This feature on Kids in the Hall has some stories you may not have heard before, like how Kevin McDonald wasn’t originally supposed to be the lead in Brain Candy:
“I felt great pressure playing the lead. It took away what I do best, which is being silly around the main person. The only time you see me alive in the movie is when I play the dad killing himself.”
On Kids In the Hall’s Brain Candy character Cancer Boy:
Reprised from the final episode of the TV show, in a sketch that satirized the idea of being as offensive as possible, Cancer Boy is Bruce McCulloch dressed in a bald cap, with pale white makeup, using a wheelchair. He relays depressing information with a cheerful smile and releases a hit pop single entitled “Whistle When You’re Low.” Many found the character to be in exceedingly poor taste. Paramount Pictures fought extensively with the troupe to cut the offending scenes, to no avail. The group has expressed some regret over their hardline position years later, feeling the battle left Paramount bitter and reluctant to fully market the film.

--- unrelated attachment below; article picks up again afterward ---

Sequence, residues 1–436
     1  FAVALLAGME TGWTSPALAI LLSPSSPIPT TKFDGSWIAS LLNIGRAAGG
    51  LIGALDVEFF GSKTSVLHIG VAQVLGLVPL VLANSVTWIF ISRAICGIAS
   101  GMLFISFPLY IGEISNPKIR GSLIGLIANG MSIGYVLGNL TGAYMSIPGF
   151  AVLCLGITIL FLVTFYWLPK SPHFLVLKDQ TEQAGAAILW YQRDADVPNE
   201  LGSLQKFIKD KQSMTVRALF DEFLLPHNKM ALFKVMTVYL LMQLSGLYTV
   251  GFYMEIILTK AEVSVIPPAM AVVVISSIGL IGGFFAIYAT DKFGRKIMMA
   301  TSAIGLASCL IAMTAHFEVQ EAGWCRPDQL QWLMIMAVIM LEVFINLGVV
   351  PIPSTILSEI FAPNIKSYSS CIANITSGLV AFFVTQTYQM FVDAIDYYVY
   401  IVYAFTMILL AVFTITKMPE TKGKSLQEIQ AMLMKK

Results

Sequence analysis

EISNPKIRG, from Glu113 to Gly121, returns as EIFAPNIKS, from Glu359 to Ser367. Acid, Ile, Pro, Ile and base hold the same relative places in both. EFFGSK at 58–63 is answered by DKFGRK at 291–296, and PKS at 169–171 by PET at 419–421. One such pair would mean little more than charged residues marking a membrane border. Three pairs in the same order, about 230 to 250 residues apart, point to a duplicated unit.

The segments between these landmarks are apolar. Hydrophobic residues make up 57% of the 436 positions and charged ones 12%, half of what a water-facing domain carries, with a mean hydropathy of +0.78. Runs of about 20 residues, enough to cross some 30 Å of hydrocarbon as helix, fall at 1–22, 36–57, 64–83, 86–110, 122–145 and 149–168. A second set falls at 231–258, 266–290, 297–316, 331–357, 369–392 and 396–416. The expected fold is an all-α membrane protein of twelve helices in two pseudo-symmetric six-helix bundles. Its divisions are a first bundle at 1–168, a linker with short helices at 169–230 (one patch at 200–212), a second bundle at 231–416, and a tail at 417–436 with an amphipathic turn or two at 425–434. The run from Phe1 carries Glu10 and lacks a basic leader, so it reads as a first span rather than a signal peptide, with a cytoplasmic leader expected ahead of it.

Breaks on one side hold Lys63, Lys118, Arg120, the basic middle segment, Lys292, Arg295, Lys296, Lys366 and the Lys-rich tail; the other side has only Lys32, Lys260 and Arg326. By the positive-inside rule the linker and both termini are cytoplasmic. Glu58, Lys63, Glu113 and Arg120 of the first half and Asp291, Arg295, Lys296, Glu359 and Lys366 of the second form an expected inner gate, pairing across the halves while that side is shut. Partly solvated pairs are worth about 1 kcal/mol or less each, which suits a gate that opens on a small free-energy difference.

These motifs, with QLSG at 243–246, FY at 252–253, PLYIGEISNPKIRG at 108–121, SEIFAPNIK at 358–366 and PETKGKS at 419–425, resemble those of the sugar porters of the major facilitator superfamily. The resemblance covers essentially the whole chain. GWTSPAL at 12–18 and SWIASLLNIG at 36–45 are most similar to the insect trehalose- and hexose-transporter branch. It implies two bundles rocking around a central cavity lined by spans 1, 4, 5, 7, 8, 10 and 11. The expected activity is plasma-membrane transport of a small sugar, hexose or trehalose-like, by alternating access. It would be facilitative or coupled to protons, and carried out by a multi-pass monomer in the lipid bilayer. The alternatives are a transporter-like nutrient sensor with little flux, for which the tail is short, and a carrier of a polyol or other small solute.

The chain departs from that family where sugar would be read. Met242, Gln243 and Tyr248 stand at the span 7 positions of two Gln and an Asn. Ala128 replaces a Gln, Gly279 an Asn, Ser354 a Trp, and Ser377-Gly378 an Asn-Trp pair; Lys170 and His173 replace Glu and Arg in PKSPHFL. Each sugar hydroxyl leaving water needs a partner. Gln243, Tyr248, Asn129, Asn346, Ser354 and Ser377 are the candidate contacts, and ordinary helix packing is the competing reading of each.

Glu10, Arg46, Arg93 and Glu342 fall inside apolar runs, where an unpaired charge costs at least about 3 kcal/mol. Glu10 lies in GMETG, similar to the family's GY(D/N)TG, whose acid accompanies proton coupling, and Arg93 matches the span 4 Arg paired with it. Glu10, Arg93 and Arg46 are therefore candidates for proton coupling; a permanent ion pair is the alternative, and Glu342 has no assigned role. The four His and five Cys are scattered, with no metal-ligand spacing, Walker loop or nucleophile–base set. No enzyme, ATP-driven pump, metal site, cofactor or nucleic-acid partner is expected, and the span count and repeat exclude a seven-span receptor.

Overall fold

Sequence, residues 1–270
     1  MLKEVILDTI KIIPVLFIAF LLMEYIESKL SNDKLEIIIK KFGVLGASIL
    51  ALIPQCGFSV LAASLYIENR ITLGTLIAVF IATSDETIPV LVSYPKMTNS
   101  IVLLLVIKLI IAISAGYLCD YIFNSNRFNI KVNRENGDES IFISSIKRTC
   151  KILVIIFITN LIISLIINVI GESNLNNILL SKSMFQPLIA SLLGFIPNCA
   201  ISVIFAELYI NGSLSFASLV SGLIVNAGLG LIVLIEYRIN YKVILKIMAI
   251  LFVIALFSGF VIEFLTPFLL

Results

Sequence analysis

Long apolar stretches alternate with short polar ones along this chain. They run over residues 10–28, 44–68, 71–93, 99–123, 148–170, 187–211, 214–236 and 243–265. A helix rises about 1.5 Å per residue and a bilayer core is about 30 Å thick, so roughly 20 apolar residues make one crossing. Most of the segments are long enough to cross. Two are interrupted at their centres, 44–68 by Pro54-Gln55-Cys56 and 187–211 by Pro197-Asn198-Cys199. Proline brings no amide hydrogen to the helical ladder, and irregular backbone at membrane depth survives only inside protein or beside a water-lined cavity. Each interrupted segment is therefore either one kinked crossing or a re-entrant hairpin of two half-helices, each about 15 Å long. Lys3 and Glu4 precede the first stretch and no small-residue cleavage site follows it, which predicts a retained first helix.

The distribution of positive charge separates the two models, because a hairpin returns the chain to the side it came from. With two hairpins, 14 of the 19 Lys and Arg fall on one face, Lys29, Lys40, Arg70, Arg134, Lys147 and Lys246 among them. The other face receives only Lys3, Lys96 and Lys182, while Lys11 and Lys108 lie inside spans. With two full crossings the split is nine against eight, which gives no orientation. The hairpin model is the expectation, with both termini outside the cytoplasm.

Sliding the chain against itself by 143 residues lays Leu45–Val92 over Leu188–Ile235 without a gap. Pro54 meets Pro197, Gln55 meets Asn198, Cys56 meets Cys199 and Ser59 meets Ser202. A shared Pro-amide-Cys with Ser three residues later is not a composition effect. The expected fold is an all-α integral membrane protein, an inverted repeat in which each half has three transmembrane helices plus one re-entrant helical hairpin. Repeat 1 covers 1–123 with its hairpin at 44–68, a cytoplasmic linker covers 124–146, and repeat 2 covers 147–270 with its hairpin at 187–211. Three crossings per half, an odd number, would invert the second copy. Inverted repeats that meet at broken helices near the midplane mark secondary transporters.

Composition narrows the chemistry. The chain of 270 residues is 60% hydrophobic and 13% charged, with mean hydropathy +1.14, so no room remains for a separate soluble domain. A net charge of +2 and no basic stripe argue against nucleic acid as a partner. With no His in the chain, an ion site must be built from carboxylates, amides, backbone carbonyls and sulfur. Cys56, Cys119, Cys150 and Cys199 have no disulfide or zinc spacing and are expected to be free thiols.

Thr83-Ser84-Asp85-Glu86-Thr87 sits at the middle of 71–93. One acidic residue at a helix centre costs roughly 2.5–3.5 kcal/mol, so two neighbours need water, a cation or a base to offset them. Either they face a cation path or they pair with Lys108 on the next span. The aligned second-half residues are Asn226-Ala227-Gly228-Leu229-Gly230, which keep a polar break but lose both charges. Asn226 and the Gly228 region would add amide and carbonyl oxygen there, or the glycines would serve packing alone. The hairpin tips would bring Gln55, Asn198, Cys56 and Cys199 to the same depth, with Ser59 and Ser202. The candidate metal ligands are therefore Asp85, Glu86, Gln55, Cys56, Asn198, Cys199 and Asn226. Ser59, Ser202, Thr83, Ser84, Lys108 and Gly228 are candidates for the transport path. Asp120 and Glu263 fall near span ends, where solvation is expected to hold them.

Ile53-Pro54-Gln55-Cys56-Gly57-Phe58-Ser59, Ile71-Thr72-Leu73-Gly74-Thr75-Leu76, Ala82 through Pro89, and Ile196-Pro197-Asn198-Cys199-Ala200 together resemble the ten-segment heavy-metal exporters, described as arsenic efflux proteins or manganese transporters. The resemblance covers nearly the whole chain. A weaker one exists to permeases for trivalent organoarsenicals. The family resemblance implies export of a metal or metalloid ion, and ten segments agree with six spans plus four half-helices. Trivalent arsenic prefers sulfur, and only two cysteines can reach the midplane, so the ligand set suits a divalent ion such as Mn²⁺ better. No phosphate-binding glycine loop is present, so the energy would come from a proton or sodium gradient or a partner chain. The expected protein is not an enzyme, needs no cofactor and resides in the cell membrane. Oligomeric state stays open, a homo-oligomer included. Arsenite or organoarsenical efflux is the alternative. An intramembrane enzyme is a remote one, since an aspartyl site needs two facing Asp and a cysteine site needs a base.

Carleton Atwater writing for The Awl:
Compared to other sketch shows like SNL, Kids in the Hall generally avoided lampooning immediate current events and public figures, instead focusing on more broad cultural trends and issues. This gives KITH a certain timeless quality, allowing it to age fairly gracefully. There were plenty of themes they returned to again and again, many of them related to suburban, middle class life.
This is more remarkable now that both of these shows are on Netflix. In 2011 you may have more laughs with KITH than SNL, because on SNL you won’t know what they’re talking about.
I’m kind of glad I didn’t buy those DVDs.